When I was growing up in Lebanon I and everyone I knew read the Adventures of Tintin, the Belgian comic book about a 16-year-old reporter who travels the world with his dog Milou (terribly translated as “Snowy”), never files a single story, never so much as flirts with either sex, let alone with sex–he’s as androgynous as his expressions–but manages all sorts of fabulous exploits.
Tintin was Jules Verne in comic strips, taking us to America, to the moon, to the world of the Incas, to Tibet or to Africa. Like Jules Verne, the books could also be astoundingly blind to their own racism. Hergé, was drawing for a conservative, Catholic newspaper when he wrote “Tintin in the Congo” in 1931. The newspaper had commissioned him first to write a satire of the Soviet Union for children, which he did. His new production seemed aimed at showing off Belgian colonialism in the Congo to good little Sunday-school Belgians, what we now know to be one of the most brutal and genocidal examples of European exploitation of Africans.
The resulting book was not much different. Every page is a stereotype. Blacks are dim-witted, big-lipped, subservient. Whites, Tintin and his very white dog among them, are the saviors. There’s no subtlety here. The priest with a white beard is good to the core–Belgium was very, very proud of raping the Congo while bringing its Ave Marias to the natives–the criminal who disguises himself as a priest has a black beard.
Like many of Jules Verne’s books, Tintin in the Congo is also a hymn to animal cruelty. The hunter Dick Kennedy in Verne’s Five Weeks in a Balloon, Verne’s breakaway hit, must be the first character in literature to anticipate Sara Palin’s affection for massacring animals from the air as he fires a shot at a hippo from his balloon basket just for the hell of it. When the bullet has no effect, the servant Joe says in all naturalness, “we should’ve harpooned him.” In one scene in Congo Tintin obliterates a herd of antelope. In another he kills a monkey and skins it because he needed its hide to disguise himself. He does the same with a giraffe, so he can get a better close-up of other giraffes for his “documentary.” Crocodiles, lions, serpents, elephants (of course Tinton scavenges the ivory tusks), leopards are all attacked in a fireworks-like crescendo of violence. It culminates with Tintin drilling a hole in the back of a rhinoceros, placing a stick of dynamite in there, and blowing up the poor creature. A frame shows the creature’s remains. Tintin is disappointed: he has nothing on film.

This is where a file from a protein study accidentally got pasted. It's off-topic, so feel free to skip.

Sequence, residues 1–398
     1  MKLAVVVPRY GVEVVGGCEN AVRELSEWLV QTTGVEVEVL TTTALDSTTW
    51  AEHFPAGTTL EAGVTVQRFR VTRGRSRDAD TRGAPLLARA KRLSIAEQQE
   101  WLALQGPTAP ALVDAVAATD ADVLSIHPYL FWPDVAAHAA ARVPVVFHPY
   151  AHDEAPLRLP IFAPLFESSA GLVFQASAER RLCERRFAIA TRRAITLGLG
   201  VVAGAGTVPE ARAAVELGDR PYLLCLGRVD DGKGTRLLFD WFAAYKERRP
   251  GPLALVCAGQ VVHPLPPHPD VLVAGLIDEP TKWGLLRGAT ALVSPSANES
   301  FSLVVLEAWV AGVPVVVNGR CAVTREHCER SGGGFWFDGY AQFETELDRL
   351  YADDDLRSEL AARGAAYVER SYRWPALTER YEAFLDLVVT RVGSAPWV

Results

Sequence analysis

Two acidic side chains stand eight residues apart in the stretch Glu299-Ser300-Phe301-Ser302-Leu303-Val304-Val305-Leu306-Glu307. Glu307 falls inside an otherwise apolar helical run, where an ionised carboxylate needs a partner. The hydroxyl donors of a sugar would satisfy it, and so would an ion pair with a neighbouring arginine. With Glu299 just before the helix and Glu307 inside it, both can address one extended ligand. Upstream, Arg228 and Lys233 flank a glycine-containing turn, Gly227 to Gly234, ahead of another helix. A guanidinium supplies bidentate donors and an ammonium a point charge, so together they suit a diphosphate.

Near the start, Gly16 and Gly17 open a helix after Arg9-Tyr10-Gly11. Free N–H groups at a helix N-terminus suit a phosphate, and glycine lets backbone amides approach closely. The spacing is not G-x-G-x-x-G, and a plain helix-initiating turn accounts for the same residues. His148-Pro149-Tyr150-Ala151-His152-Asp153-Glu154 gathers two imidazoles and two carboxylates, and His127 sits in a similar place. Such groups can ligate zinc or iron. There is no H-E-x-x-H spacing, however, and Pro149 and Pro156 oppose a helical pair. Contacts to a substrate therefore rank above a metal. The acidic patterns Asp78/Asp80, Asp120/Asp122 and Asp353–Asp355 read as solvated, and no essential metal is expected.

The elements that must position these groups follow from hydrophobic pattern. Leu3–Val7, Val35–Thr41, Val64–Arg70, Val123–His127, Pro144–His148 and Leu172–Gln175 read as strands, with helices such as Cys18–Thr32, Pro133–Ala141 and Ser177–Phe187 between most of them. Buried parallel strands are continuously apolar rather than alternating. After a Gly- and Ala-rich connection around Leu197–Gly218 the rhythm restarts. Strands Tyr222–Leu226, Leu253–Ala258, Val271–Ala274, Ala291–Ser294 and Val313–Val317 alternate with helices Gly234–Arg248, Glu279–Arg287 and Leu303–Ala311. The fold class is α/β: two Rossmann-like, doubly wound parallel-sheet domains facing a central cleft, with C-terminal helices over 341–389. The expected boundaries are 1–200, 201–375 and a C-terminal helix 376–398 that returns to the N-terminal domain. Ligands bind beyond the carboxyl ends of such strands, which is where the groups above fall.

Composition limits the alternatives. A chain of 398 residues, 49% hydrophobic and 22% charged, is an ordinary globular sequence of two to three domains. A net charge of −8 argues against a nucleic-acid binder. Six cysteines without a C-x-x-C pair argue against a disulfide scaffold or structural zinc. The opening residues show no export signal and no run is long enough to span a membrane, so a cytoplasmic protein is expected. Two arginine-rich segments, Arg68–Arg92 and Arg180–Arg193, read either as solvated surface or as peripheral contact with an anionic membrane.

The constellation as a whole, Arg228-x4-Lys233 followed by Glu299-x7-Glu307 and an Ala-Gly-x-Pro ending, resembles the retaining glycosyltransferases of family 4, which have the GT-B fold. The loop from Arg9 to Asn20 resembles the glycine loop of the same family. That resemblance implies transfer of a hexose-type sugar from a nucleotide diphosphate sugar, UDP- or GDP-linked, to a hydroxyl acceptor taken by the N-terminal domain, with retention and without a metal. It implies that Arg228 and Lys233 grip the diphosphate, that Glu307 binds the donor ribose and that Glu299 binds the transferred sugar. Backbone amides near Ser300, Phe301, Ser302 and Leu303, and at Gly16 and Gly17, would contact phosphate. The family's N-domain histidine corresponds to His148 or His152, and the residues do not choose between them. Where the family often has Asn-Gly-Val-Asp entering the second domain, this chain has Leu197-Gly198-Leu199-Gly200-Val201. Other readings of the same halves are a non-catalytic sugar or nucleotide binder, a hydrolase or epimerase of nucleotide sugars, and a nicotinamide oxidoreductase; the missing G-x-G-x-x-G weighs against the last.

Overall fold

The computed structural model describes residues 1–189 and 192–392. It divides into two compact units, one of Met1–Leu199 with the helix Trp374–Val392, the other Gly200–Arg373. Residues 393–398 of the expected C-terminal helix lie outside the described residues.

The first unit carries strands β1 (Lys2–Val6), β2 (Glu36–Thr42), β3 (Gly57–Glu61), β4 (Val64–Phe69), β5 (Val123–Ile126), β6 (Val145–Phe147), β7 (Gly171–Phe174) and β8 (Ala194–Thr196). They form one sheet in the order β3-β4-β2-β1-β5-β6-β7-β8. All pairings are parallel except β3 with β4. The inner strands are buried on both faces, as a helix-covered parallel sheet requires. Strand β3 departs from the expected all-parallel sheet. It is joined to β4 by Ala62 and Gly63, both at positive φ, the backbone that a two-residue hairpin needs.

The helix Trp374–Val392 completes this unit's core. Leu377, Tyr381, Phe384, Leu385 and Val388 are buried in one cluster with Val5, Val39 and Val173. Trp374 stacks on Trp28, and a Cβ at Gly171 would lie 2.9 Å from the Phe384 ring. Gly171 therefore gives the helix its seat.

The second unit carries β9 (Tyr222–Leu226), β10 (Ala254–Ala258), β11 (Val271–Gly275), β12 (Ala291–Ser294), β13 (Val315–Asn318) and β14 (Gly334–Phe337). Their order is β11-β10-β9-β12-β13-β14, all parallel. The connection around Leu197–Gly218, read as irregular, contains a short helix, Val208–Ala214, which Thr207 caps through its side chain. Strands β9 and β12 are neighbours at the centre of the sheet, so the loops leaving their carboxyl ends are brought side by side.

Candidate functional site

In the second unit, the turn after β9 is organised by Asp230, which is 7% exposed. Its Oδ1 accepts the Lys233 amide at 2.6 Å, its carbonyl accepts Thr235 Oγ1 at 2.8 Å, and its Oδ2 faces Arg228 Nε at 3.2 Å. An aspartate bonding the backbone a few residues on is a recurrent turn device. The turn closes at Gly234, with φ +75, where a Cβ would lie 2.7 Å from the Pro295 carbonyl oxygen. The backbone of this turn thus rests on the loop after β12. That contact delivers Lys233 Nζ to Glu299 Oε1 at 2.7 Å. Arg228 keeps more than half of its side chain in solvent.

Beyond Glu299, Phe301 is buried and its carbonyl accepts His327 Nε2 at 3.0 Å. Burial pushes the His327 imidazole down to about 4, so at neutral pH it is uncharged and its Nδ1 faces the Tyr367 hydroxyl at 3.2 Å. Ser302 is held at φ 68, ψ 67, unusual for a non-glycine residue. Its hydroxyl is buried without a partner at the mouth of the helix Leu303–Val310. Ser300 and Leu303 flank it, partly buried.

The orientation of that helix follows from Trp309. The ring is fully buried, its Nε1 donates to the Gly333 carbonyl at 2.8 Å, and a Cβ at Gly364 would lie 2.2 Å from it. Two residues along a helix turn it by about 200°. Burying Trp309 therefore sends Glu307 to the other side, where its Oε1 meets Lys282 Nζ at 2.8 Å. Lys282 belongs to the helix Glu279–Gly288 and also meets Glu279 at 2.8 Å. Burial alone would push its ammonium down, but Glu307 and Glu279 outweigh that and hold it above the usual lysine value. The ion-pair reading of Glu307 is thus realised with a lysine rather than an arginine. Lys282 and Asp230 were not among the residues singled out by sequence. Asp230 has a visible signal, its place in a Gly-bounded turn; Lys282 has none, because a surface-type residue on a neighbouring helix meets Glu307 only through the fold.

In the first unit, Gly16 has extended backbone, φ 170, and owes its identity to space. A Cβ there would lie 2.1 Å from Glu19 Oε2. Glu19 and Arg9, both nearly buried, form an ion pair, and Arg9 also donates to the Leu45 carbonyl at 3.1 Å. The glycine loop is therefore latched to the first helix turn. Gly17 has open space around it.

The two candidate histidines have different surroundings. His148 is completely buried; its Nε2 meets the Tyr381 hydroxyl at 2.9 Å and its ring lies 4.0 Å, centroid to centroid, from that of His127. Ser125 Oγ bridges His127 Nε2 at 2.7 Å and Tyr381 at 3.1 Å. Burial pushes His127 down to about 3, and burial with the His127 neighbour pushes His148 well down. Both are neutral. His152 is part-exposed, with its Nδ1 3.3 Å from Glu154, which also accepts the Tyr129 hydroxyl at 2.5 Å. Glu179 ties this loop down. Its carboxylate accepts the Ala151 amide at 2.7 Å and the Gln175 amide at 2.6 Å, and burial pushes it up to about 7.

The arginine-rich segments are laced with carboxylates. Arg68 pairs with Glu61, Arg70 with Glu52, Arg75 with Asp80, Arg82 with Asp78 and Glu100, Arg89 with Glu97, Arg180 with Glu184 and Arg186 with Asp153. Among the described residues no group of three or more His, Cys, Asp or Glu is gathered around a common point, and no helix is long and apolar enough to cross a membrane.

Blacks are not treated more kindly. But they love their Christ-like savior. The last frame of the book is of a village of natives literally bowing at the foot of totems of Tintin and Milou and speaking of him as a god. Kurtz for kids. “To think that in Europe, all the little Whites are like Tintin,” says one bereft man to another outside a café. (Oh, yes, in Hergé’s style book, “White” was capitalized.) Praise be the white colonialist.
Yet I must’ve read that book a thousand times. The French writer Marguerite Duras was right: “All children of the civilized world have a Tintin culture before having their own.” And what a shame that it was, regarding certain books. It’s probably why it was so easy for me, in my early teens, not to question my elders’ dehumanization of Muslims and Palestinians in those early years of the civil war. We may have had an excuse to despise them. They were trying to obliterate us (us good little white Christians). They’d chased us out of our home. But we’d been dehumanizing them long before the war. Attitudes have consequences.
I still have an early edition of Tintin au Congo, from which the image above was scanned, but I don’t mind the way it’s been scrubbed of its racist and violent content, if too barely so. English and American publishers wouldn’t issue it for decades. Scandinavian publishers forced Hergé to redraw the rhinoceros scene so the dynamite stick never went off and the beast could walk away (though somehow they found other stereotypes less offensive). Don’t get me wrong: the enormous majority of what Hergé drew and wrote was wonderful. Some of it was not. He grew as he aged, and as he moved away from that reactionary broadsheet he worked for. There’s nothing wrong with a little reevaluation now and then, and a recognition that not every line and every frame deserves praise, or reissues.
So I don’t mind it at all that the estate of Dr. Seuss has finally realized that some of the great children’s writer’s earlier books were more like Tintin in the Congo than the sort of culture you’d want your children eating up like green eggs and ham. The estate is pulling six Seuss books from republication. Naturally, the shitshow culture of talk radio and social mierda is losing its mulberries, even though we’re talking about just six out of 60 titles, and six titles that were barely selling anyway, because readers, who know best, had become uncomfortable with the insensitivity of those pages.